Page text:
DLP Hyperspectral Imaging Technology Acts as Surgical GPS

Shana Leonard
A hyperspectral imaging system based on DLP chip technology can provide real-time mapping and visualization data to surgeons to reduce the risk of complications.

By applying an optical semiconductor technology commonly used in digital color projectors to an imaging technique employed by the defense industry, Karel Zuzak, senior biomedical research engineer at Digital Light Innovations (Austin, TX), has shed light on an array of potential optical medical imaging applications. The resulting hyperspectral imaging system could help reduce the risk of complications during various medical procedures and associated liability.

Providing chemical information about an imaged object, hyperspectral imaging entails the collection and processing of data from across the electromagnetic spectrum. Although proven useful in military air surveillance and other sectors, this particular ability to obtain information based on chemical data had not previously been explored in terms of potential medical applications. “The National Institutes of Health (NIH) had an interest in applying technology that had been used for defense to medical applications,” Zuzak says. “It is of interest for using taxpayers’ hard-earned money toward technology that is used to defend the nation as well as to bring better health to everyone.”

Tasked with this ambitious research mission as a postdoctoral fellow at the NIH, Zuzak was able to develop a hyperspectral imaging technology using off-the-shelf components and by figuring out the math required for doctors to see better in the body. At the heart of the system, however, is the Digital Light Processing (DLP) development kit from Texas Instruments (Dallas), which features a DLP chip, software, and board electronics. Consisting of an array of tiny micromirrors mounted on a hinge that rocks back and forth like a seesaw, the DLP chip technology serves to control the different rainbow of colors in light or the spectrum in order to illuminate objects and determine their chemical composition, according to Zuzak.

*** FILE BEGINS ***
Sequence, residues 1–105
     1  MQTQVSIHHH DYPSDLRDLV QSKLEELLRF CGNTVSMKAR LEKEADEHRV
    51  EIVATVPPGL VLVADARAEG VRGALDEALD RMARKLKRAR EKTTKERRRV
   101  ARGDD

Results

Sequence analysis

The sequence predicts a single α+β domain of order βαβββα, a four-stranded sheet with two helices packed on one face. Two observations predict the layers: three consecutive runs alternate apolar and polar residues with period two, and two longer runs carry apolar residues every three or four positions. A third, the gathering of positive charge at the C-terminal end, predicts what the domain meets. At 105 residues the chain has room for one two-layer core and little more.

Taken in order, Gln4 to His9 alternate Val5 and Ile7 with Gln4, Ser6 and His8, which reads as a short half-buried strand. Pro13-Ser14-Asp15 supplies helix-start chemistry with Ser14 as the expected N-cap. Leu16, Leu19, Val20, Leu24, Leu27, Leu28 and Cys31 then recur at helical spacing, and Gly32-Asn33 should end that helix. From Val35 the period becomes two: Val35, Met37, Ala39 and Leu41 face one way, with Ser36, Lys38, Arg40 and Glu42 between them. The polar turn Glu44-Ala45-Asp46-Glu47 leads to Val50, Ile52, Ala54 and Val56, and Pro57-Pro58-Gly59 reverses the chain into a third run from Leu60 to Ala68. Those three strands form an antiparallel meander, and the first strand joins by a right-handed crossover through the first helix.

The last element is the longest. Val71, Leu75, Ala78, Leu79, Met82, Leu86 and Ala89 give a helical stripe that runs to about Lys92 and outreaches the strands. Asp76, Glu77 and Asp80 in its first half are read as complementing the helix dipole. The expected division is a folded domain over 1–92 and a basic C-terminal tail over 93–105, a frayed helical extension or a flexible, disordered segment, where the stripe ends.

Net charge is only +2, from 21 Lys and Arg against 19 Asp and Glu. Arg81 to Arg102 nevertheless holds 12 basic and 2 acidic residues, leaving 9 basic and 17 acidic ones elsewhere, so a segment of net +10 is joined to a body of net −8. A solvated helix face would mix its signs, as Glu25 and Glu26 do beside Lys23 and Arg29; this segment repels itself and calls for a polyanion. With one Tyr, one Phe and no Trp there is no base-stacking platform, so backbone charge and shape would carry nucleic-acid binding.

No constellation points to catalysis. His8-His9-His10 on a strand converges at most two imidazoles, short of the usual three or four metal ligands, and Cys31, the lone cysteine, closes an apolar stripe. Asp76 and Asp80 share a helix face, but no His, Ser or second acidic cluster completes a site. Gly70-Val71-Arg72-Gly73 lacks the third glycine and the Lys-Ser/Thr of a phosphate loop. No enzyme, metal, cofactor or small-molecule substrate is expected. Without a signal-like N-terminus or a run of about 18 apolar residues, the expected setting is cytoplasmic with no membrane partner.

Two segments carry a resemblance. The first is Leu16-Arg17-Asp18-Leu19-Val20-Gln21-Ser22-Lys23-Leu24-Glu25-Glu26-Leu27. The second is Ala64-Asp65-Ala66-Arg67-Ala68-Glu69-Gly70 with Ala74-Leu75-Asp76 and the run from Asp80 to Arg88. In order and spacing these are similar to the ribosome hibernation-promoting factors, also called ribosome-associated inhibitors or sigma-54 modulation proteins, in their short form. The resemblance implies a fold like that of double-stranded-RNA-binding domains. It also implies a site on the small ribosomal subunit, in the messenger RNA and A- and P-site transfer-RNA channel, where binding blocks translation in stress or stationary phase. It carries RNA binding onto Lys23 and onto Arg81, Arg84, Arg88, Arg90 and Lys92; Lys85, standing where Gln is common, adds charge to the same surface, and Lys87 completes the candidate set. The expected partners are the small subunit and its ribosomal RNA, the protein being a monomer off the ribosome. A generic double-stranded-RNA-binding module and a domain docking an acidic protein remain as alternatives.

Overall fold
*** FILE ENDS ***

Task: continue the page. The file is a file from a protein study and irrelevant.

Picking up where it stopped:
“The DLP hyperspectral imaging method is a reflectance measure,” Zuzak explains. “What this system does is actually illuminate a patient’s tissue and collect information that is reflected back.” Unlike the multispectral imaging technology at the heart of pulse oximeters, for example, the DLP hyperspectral imaging system does not require physical contact with the patient to gather information, Zuzak states. In fact, he adds, it can capture an image from a far-off distance or from mere inches away; however, a distance of two feet is typical. This ability is advantageous because the system does not need to compromise a sterile surgical area. In addition, it obtains chemically encoded images at a near-video rate of about four frames per second.

As a result, the platform-like imaging technology can provide real-time mapping and visualization data to assist surgeons with performing difficult procedures. Recent changes to reimbursement policy related to complications during gallbladder surgery, for instance, have created an increased demand for tools that help to reduce risk, according to Zuzak. Catering to this need, the DLP hyperspectral imaging system can act as an anatomical GPS of sorts, helping the surgeon to better navigate inside the body to avoid complications and risks.

“Surgeons are experts in anatomy from the textbook, which is the ideal case. But we’re all different, and sometimes the vasculature just isn’t laid out nicely; [vessels] will be twisted around each other, and the structures are embedded in connective tissue and fat,” Zuzak notes. “Being able to identify the anatomical structures based on their chemical composition rather than just appearance is helping surgeons to see better inside the body.”

In addition to aiding in gallbladder surgery, hyperspectral imaging technology is suited for a multitude of medical applications, including tissue oxygenation monitoring, wound healing, drug therapy monitoring, laparoscopic video imaging, noninvasive optical biopsies, diabetic retinopathy, retinal imaging, postoperative care, and personalized medicine. Zuzak and Digital Light Innovations are currently seeking OEM partnerships for implementation and commercialization of the technology into such applications.